Overview of passengers from the present Vaksdal municipality.
1. Ingebrikt N. Brudvik Dale 48 m
2. Synnøve Monsdatter 40 f
The childless couple Ingebrikt (1790-1838) and Synnøve (1790-1861) was from Dale and had a farm on Osterøy, which they sold. They purchased section 14 in Beaver Creek where Ingebrikt died of malaria in 1838 while Synnøve survived and sold the farm in 1839.
3. J. J. Dale 40 m
4. A. Sjursdatter 33 f
Nr. 3 Jon (1795-1882) was from Dale and 4 Anna (1803-1839) was from Vaksdal. They were married and had two children, see 5 and 6. Anna and Jon took land in La Salle, Illinois where Anna died in 1839, while Jon left and took land in Racine, Wisconsin and lived there until 1882. Jon then married Anna Arnesdotter Nygrytten b. 1800 from Kyte in Voss. This marriage was barren.
5. Agate Jonsdtr. Dale 7 f
Agate, the daughter of 3 and 4, survived and eventually married Knud Aslaksen Svalestuen b. 1817 from Voss and they took land in Racine, Wisconsin. Agate and Knud are buried in the Muskego Lutheran Cemetery. Agate and Jon had 15 children: John (1846-1908), Aslak (1849-1933), Richard (1851-), Martin (1854-), Martha (1855-1919), John Newton (1857-), Anna M. (1859-), Edvin (1860-), Edvin Norman (1861-1908), Reuben (1861), Anne M. (1865-), Reuben Augustus (1868-1948), Oskar (1870-), Oskar O. (1871-1935), Jon Newton (1875-1933).
6. John J. Dale 4 m
John (1833-) was the son of 3 and 4 and married Christina b. 1836. They had 2 children: Julianna (1857-), John (1859-).
7. Tomas Nilsen Ytre Boge 61 m
8. Ingeborg Johannesdatter 61 f
9. N. Thomassen 27 m
10. S. Johannesdatter 52 f
Tomas N. Ytre Boge (1775-1838) was married to Ingeborg Johannesdotter Y. Boge (1775-1838). He gave the farm (nr. 4) in Y. Boge to his oldest son Johannes and went to America with his wife and son (9) Nils (1809-1838). Also emigrating to America with the family was Tomas' sister (10) Sigrid Johannesdotter Y. Boge (1783-1838). All 4 from this farm died of malaria the first year on their new farm in Illinois.
11. H. N. Dalseidet 36 m
Haldor Nilsen Dalseid (1801-) married Larine Bogar in 1841 and they took land in La Salle.
12. O. A. Dyvik 24 m
Olav Andersen Dyvik (1803-) from Dyvik married Kristi Olsdotter Bolstad (1812-1888) in 1832. He sold the farm and emigrated alone on Ægir in 1838. He was one of the survivors in Beaver Creek. In 1845 he went back to Norway to get his wife, and they took land in Newark, Illinois. Olav and Kristi are buried in Helmer Lutheran Cemetery, Newark. They had 5 children before they went to America and had another 5 children in their new homeland. Children born in Norway: 12.1 Anna (1833-1909), married to Lars Nilson Bidne (1819-) from Granvin and this couple had 9 children: Fremont - Elisabeth - Josephine - Isaiah - John - Lewis - Iver - Arthur William - Anna Bella. 12.2 Anna (1835-). 12.3 Sigrid (1837-1921) married to Ivar Nilson Bidne (1819-1921) and this couple owned a farm in Big Grove TP, Illinois and had 11 children: Sarah - Ella - Laura - Anna - William - Mary Ann - Joseph Almer - Ester Loise - C Marten - Stella - Frederic - Clara. 12.4 Martha (1839-1924) was married to Knut Johannesen Grevle (1827-1896), and this couple had 8 children: Thomas - Ed - Frank - Albert - Christine - Belle - Anna - Marthe. 12.5 Anders (1843-). 12.6 Mons was born and died on the voyage in 1845. Children born in USA: 12.7 Ole Isaac (1846-). 12.8 John (1846-). 12.9 Isaac (1850-). 12.10 Anne Christine (1845-).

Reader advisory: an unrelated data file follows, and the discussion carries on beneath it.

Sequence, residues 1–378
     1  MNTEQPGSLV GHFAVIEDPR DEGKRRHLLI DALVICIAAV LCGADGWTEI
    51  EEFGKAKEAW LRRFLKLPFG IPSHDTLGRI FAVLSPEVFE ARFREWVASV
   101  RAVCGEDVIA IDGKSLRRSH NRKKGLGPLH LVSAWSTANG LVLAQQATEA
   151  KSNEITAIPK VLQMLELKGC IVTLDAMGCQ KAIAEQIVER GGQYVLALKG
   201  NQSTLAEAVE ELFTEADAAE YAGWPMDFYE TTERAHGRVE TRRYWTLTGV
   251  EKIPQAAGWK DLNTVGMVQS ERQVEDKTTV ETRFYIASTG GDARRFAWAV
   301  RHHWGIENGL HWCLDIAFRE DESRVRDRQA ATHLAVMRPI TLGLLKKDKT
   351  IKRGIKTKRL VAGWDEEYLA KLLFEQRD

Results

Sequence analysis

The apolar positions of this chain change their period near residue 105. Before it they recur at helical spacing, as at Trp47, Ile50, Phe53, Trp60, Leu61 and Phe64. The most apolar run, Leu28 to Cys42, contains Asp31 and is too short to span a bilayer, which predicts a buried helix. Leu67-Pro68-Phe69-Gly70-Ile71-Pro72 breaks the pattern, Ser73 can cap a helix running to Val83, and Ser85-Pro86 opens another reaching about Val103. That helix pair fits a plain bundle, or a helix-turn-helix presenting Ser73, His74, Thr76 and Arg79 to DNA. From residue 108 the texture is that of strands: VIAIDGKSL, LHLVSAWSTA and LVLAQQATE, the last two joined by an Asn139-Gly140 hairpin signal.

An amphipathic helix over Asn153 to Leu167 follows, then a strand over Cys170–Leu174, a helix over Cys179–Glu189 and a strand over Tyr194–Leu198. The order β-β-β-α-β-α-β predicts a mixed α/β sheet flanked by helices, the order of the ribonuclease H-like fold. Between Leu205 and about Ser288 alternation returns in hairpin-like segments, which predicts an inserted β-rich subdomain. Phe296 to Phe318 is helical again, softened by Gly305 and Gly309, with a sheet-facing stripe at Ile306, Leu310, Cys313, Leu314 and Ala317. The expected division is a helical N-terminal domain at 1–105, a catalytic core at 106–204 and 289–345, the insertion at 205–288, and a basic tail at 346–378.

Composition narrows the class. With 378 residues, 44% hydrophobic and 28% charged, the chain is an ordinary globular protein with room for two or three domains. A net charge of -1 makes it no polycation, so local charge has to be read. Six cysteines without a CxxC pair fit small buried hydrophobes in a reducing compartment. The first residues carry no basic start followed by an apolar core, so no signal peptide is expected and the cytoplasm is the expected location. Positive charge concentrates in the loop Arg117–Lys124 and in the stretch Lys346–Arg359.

The complete list of passengers on the Ægir.
General description of the first pioneers from Hordaland.
As the passenger list shows, most of them were country folk, very often young people, and emigration of entire families was the rule. The farmers had capital tied up in their land, and by selling this they obtained enough to finance the trip and a modest start in their new home country. Labourers had more difficulties with the financing, but they managed with savings, inheritances and loans and to some extent by entering into labour contracts
Emigrating was a substantial financial investment.
The 27 years old student Ole Rynning was one of the passengers onboard Ægir, and it soon became apparent that he had formidable leadership talents and he became the natural leader of the Ægir people. Ole Rynning was one of the poor souls who fell ill and died in Beaver Creek in 1838. His writings tell of the prices of tickets, which from Bergen to New York was 30 SPD and as high as 20 SPD for children. The price from New York to Illinois was 30 SPD. The Norwegian SPD (Speciedaler) was worth approximately a quarter of a US dollar at that time.
In addition to travel money, the emigrants also had to finance or furnish the requisite personal belongings and food. According to Ole Rynning's description, personal belongings should at least include: bedding and linens, furs and wool clothing, wool cloth, griddle, spinning wheel, hand quern, pans, crockery, cutlery, tools and a good rifle with percussion lock. Also according to Ole Rynning's recommendations: food for 12 weeks consisting of preserved foods such as: salted pork, smoked and cured meat, salted meat, smoked and cured herring, dried fish, butter, cheese, soft whey-cheese, coffee, tea, sugar, sour milk, beer, flower, peas, grits, potatoes, rye biscuits, rusk and flatbread, some liquor, vinegar, prunes and raisins for constipation, sulphur salve and powder for vermin, Hoffman's and camphor drops, spare linen, saltwater soap and combs. Emigration in those days involved considerable planning, preparation and cost.
Finally, all the equipment, animals and land for the new 'farm' had to be purchased. At that time the price for an acre of land was USD 1.25 ( 1 acre = 4046.9 m2). This was before the enactment of the Homestead Act in 1862, which guaranteed free land to immigrants. In 1838 the purchase of land often amounted to USD 50, which is evidenced below by a copy of the deed obtained by Ingebrikt Nilsen Brudvik Dale:
Those who lacked the necessary capital for the purchase of their own land, had to go into paid labour, and jobs were plentiful in their new country. The wages were good and most of them saved their money so that in time, they could also buy their own land.
The voyage across the ocean to the new fatherland